15 July 2010

Basil (Baby!) Pesto Turkey Burgers

"A tree is known by its fruit; a man by his deeds." - St. Basil

When I was in college, I worked as a dishwasher/prep cook for a while to help pay my way. Typical story, I know. What was not typical, however, was one of our chefs. He was one of the most nondescript men I've ever met. If you saw him on the street, well-- you might see him, but you'd not pay any attention to him and you certainly wouldn't remember him. Unless he opened his mouth, that is. He was unbelievably energetic when he spoke-- and virtually everything that came out of his mouth was an exercise in alliteration. He punctuated his consonants like a staccato drumbeat and elongated vowel sounds like a comic strip character whose "owwwweeee" stretches across at least 2 or 3 frames. He was my favourite cook for so many reasons (he taught me the trick to making perfectly cooked bacon), but it's the one instance when his verbal alliteration and personality was transmitted into written form that has stuck with me all these years later-- the label he wrote on a container that used to perch on the corner of the shelf above his main stove/workstation: "Basil (Baby!)" Since that time in college, I cannot say "basil" without adding the "(Baby!)" after it.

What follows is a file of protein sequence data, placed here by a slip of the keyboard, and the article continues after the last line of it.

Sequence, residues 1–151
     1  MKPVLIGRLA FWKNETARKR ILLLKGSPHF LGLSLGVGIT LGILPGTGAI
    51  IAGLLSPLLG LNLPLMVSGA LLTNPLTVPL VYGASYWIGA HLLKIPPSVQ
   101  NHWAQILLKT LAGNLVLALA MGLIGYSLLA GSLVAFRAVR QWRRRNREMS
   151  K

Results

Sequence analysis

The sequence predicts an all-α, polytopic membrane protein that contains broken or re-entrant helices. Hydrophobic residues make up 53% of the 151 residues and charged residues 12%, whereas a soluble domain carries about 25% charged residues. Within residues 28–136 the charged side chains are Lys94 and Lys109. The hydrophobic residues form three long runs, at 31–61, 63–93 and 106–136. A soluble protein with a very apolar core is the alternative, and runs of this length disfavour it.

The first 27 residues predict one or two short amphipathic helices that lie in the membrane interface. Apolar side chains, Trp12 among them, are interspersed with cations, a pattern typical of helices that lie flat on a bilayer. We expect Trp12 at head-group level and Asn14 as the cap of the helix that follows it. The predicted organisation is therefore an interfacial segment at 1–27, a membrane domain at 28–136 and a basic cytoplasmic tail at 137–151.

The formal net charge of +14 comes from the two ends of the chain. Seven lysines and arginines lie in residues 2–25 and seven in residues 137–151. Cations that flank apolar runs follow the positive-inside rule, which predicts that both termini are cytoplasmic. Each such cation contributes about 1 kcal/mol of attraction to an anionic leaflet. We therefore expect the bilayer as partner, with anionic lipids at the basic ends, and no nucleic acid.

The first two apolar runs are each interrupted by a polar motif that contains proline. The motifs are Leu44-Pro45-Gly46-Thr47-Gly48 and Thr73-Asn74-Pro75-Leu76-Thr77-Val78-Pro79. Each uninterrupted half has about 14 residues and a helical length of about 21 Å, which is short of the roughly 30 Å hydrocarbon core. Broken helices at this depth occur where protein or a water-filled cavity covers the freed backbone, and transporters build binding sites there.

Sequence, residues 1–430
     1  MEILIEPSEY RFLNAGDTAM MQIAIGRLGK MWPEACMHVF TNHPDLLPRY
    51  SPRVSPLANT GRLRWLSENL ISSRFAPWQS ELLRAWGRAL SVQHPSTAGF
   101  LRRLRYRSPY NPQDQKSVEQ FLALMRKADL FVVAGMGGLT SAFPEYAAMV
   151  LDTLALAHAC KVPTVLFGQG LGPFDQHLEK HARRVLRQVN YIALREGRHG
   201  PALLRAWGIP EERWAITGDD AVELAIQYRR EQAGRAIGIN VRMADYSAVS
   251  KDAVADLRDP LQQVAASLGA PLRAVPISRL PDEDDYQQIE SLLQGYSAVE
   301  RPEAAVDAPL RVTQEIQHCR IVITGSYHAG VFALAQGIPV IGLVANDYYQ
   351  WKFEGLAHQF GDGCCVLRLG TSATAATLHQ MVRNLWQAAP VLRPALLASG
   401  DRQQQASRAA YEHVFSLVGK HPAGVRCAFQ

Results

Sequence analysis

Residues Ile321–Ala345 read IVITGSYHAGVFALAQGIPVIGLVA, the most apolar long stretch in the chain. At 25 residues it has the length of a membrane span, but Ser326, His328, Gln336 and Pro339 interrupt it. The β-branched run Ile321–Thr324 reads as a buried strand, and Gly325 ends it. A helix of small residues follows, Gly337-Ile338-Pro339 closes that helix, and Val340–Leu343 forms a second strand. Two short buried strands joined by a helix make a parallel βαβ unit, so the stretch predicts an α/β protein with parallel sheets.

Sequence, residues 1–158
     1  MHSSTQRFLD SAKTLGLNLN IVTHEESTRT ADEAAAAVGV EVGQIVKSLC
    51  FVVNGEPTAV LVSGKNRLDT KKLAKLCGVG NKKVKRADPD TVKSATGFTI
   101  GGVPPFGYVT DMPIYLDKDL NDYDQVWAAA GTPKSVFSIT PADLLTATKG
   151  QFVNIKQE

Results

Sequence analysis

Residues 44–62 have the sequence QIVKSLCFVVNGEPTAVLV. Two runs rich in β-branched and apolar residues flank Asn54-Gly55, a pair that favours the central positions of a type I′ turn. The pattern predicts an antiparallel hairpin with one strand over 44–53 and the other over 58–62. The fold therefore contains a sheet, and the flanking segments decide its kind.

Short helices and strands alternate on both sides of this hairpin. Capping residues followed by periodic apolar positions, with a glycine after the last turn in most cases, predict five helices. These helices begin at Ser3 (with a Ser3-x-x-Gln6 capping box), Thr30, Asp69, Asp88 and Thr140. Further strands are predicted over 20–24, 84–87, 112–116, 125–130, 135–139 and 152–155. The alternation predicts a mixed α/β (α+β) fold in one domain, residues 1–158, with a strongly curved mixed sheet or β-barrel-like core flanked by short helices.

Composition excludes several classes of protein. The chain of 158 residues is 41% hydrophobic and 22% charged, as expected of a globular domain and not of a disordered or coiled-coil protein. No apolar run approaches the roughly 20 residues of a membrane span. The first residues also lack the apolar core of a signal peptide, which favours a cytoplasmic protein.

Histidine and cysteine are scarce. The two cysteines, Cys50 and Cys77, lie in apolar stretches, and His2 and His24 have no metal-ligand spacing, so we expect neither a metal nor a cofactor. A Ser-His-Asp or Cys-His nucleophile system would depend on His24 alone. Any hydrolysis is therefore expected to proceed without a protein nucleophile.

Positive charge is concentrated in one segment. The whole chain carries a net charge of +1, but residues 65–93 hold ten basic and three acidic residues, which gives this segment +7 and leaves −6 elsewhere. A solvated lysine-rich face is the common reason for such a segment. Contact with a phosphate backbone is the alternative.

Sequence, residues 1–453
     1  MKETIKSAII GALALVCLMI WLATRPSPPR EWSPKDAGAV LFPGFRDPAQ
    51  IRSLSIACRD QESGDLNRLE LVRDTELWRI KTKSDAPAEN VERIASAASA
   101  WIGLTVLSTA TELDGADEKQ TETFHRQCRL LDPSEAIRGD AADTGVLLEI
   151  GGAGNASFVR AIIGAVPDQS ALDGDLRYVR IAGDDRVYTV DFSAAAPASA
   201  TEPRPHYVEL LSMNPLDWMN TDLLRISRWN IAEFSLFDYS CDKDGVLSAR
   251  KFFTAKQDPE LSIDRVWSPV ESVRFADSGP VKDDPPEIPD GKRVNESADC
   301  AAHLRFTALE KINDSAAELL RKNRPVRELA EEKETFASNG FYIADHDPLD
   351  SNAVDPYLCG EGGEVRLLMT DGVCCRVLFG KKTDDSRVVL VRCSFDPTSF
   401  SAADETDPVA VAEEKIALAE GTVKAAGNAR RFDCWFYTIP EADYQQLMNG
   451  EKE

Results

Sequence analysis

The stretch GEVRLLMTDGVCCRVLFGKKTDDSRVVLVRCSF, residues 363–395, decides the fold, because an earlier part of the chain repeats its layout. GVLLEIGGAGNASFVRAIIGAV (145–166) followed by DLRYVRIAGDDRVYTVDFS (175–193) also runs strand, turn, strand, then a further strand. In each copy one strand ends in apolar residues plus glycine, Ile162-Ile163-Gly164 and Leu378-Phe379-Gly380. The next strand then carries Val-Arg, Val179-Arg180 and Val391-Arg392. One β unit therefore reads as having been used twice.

I don't remember that cook's name anymore, but this Basil (Baby!) recipe is in honour of him. These burgers were discovered by my sister and have been lauded by her husband (who is very much a steak-and-potatoes guy), my in-laws (also more plain hamburger types), my cousins (who are fructose intolerant and can't eat beef), and by a handful of my Nestie message board ladies. They are quick and easy to make and take only 10 minutes to cook on the grill. And I'm thinking this would be an easy recipe to adjust for a meatloaf instead of burgers once the weather gets colder...